Edible Garden

Edible Garden


Plants for Edible Landscaping

There are lots of ways to incorporate food plants into your landscape. It doesn’t have to be an all-or-nothing process either – edible plants can easily live side-by-side with ornamental ones. In fact filling an entire yard with edible plants would produce “too much food for most families, not to mention time and work.” So when seeking edible plants for your landscape, you should usually think about ways to combine them with ornamental ones.

Plants that can work in an edible landscape include the following:

Herbs. You can grow rosemary, thyme, or oregano in an herb bed near your house or in pots on a patio. You can also intersperse herbs such as basil or oregano with flowers in a planter, or plant chives around the base of a mailbox.

Greens. Lettuce, radishes, and other salad greens can look nice growing in between the blossoms in a flower bed. Some “greens” also come in more colorful varieties (such as yellow and rainbow chard or red-jewel cabbage) that look beautiful all on their own.
Perennial Vegetables. Some vegetables, including rhubarb, asparagus, and Jerusalem artichoke, are perennial – once they’ve been planted, they keep coming back year after year. Adding some of these to your edible landscape saves you the trouble of replanting the space in future years.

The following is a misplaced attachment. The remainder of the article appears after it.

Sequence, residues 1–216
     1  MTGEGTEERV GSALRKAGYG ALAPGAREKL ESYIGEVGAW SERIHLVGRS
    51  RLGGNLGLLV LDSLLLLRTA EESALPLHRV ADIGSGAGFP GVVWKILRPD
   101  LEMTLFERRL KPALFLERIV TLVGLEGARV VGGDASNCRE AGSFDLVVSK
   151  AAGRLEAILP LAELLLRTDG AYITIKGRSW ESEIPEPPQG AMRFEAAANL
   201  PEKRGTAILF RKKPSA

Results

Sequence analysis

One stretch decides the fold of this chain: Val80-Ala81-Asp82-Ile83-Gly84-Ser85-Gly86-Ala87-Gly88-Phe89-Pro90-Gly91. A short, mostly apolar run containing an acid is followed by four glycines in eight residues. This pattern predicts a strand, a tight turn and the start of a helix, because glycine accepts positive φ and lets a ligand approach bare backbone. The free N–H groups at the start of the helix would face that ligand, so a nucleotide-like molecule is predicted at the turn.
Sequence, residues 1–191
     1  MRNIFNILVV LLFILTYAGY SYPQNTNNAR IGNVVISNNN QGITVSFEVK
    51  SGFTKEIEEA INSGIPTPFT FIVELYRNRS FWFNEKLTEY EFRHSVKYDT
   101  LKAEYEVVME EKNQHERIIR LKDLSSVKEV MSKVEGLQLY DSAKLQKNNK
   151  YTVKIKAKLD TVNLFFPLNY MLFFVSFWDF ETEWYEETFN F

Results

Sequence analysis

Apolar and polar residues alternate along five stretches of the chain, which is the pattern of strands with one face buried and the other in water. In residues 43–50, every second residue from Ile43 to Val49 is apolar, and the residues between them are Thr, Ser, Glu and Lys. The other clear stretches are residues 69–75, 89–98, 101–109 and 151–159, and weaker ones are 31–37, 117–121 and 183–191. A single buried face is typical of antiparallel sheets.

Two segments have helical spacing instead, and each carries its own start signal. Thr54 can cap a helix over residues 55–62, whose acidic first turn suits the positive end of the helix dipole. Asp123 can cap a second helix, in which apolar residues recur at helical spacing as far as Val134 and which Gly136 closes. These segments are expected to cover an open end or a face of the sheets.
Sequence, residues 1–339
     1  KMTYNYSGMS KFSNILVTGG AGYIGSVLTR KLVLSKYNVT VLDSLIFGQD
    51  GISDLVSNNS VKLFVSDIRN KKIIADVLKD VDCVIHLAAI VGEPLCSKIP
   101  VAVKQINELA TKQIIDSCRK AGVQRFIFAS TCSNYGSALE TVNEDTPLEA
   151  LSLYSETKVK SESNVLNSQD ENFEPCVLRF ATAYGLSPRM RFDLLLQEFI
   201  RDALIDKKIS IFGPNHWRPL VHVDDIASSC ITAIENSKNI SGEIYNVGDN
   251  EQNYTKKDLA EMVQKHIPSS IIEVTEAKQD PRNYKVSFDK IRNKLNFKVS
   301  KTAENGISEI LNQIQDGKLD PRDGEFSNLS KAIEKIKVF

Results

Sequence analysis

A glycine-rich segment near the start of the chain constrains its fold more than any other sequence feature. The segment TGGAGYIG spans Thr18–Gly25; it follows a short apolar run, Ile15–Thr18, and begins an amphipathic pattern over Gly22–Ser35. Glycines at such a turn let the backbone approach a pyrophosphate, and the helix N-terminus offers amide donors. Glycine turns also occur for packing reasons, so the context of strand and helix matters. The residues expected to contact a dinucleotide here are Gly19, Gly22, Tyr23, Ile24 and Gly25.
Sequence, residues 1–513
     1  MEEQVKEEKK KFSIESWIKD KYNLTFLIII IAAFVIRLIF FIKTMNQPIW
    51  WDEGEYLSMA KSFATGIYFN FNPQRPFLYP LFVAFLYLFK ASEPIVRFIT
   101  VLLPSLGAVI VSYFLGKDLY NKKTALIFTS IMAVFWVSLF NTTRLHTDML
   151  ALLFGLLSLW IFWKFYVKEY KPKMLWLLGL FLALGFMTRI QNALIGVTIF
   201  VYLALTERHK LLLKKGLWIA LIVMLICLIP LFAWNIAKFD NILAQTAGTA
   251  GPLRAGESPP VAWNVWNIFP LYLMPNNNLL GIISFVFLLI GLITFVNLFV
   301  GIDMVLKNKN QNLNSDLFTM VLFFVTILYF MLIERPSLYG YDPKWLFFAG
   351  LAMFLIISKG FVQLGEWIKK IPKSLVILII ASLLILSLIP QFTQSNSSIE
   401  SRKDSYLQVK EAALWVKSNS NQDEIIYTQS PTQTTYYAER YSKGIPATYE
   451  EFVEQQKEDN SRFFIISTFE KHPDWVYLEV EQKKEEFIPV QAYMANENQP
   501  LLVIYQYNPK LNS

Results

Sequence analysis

Edible Flowers. Nasturtiums, violas, pansies, borage, and calendula all have edible blossoms that are delicious in salads. You can also cook and eat the buds, blossoms, and tender shoots of daylily plants, or dig them up to harvest the edible tubers.
Strawberries. A well-tended strawberry patch in a sunny spot can produce berries for years. The smaller Alpine strawberries grow well in shade and make a pretty, tasty ground cover in wooded areas.

Vining Plants. Any kind of vining plant can be grown on a decorative trellis. Scarlet runner beans are popular because they’re as good to look at as they are to eat, but you can grow any variety of vine-type bean, as well as peas, squash, tomatoes, and grapes. Smaller cherry tomatoes can also grow in window boxes or hanging baskets.

Fruit and Nut Trees. Fruit and nut trees provide shade just like the more common oaks and maples, but they also provide food. In addition to well-known fruits such as apples, peaches, and pears, you can grow unusual varieties like pawpaws, medlars, and serviceberries, which produce fruits you can’t find in stores.

Fruit-Bearing Shrubs. You can replace ornamental shrubs with fruit-bearing varieties, such as blueberries, currants, gooseberries, or bush cherries. Shrub varieties range from “creeping” types that stay within a foot of the ground to tall bushes five or six feet in height